|The Biltmore Hotel and Clubhouse|
Coral Gables, Florida
Architect: Donald Ross (1925), Brian Silva (2007)
My quick review: Not all of Florida golf is a Doak 0.
A very nice change from the typical Florida golf course. Water is not the dominant feature at Biltmore, and though the routing is not one of Ross' strongest, it is easily walkable and manages to make good use of the limited elevation changes on property.
The par-71 golf course offers tremendous variety. As is typical of Ross, the par-3s play to different yardages and will require a very different club on each (PW, 8i, 5i, hybrid for me). The par-4 holes are also quite varied... though perhaps there are a few too many in the mid-lenghth 375-420 yard range and too few in the drive and pitch or driveable range (the shortest par-4 is 354 yards). The three par-5s are able reachable in two for the bombers out there, but each requires a decision off the tee. A bold line will leave a chance to get the green in two.
The greens are not the highlight of the golf course, and given the quality of Ross greens on many of his layouts, they are frankly disappointing. The 17th green provides some of the wild contouring that I am used to seeing out of Ross, but most of the course features straightforward back-to-front sloping greens. That being said, the shape of the greens is very well done, and generally adds to the strategic interest in the holes. The par-3 greens at holes 2 and 8 offer greens with a small front portion and large back portion. The par-4 4th offers a uniquely shaped 'kidney' green, garnering a significant advantage to the player bold enough to challenge the bunkering off the tee. And several greens have very scary false-fronts, most notably on the 5th where a ball landing anywhere in the first third of the green will run off the green and several yards into the fairway.
Fairway bunkers are used exceptionally at The Biltmore. On almost every hole, staggered bunkering creates strategic options for all levels of players -- challenge the bunkers for the ideal angle and shorter approach, or bail-out to the wide portion of the fairway? However, the mowing lines on a few holes are confusing. Generally, challenging a bunker rewards the golfer, but in a couple of spots (holes 16 and 18), challenging the bunker leaves the player in the rough.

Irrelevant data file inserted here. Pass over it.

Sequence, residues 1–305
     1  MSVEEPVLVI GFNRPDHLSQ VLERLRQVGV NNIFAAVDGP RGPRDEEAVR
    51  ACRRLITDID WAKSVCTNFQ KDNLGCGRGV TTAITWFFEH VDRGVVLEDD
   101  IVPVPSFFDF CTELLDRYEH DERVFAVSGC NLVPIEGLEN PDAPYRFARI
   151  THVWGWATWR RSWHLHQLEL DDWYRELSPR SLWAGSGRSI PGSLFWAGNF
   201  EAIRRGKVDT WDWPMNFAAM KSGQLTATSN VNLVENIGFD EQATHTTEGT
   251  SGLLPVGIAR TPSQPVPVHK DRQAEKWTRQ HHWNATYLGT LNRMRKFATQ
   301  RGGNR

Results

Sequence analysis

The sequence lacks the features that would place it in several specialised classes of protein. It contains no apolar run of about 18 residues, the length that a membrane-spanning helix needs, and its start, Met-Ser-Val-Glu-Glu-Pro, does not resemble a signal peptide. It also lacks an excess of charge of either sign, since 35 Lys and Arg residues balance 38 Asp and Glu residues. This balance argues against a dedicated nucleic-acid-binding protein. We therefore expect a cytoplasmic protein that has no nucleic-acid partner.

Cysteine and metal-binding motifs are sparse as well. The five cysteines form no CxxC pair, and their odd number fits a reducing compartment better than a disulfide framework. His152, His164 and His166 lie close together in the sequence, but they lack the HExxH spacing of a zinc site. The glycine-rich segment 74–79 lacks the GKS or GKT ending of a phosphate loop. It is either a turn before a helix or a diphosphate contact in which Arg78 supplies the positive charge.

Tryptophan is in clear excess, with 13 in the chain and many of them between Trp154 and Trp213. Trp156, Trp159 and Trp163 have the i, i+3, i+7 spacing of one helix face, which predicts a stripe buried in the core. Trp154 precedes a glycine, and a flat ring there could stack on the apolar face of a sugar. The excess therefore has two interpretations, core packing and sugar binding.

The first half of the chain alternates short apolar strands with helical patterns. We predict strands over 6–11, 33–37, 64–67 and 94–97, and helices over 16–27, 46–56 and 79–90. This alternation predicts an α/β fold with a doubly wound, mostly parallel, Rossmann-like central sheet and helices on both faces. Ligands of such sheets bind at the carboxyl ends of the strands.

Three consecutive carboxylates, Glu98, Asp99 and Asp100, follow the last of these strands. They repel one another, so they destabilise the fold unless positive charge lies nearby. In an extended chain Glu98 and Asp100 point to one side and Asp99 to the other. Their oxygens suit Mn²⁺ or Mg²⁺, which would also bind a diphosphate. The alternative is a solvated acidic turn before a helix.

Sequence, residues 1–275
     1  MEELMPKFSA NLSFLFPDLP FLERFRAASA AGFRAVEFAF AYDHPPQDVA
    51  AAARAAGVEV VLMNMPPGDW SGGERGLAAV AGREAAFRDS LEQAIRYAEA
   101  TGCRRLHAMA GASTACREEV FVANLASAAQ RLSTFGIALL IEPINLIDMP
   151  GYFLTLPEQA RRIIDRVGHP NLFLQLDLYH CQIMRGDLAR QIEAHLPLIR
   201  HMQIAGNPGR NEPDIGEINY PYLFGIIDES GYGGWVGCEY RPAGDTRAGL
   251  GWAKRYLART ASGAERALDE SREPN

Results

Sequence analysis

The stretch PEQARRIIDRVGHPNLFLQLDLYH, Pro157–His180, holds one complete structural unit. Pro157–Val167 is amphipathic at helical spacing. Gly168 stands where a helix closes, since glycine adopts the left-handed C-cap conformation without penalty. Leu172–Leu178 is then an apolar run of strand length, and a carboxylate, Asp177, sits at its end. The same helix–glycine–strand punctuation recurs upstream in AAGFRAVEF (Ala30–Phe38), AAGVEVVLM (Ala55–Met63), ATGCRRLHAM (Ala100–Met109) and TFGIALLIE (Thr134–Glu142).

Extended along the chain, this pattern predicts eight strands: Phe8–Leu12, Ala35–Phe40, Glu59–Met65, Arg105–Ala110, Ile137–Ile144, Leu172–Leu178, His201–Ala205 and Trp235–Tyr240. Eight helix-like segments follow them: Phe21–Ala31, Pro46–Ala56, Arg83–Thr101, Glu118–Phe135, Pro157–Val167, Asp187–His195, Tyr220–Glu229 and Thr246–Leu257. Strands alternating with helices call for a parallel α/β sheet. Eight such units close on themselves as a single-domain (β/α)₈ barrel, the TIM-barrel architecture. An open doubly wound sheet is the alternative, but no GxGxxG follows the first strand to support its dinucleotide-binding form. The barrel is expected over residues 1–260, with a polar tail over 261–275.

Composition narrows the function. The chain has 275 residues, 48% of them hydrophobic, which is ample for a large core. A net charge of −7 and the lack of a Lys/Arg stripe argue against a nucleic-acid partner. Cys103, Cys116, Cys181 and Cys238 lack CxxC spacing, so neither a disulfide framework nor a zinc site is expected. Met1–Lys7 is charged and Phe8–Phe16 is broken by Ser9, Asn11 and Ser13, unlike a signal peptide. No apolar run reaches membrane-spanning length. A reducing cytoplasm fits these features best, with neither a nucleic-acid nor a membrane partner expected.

Lastly, differing the angle of the tee shot for different tee boxes is done exceptionally well at Biltmore -- probably better than any course I've ever seen. Though the course is short on the scorecard, as one moves back to the back two sets of tees, some of the doglegs become quite severe and challenging the fairway bunkers requires not only a long tee ball, but also the ability to work the tee shot in both directions. Players unable to shape their shots will be forced to lay-up with less than driver off the tee, leaving long approaches into the green.
|A Tranquil Location for the 1st Tee|
Holes to Note
Hole 1: Par 5, 501 Yards
Despite the cluttered feeling of the 1st tee, which contrasts sharply with the openness of the rest of the course, the 1st hole is a fantastic microcosm for the course as a whole -- differing tee angles, staggered bunkering, and an interestingly shaped green with a back-to-front slope.
Note the difference in angle of the first tee shot from the back tees to the middle tees.
|1st Tee from Back Tees|
From the back tees, challenging the bunkers on the right requires a very exacting tee shot that flirts with the trees.
|!st Tee from Middle Tees|
From the middle tees, the trees are no longer in play. The carry over the bunkers is now only a question of distance, rather than both distance and accuracy.
|The Approach to the 1st|
Hole 4: Par 4, 355 Yards
|The 3rd Green blends perfectly into the 4th Tee|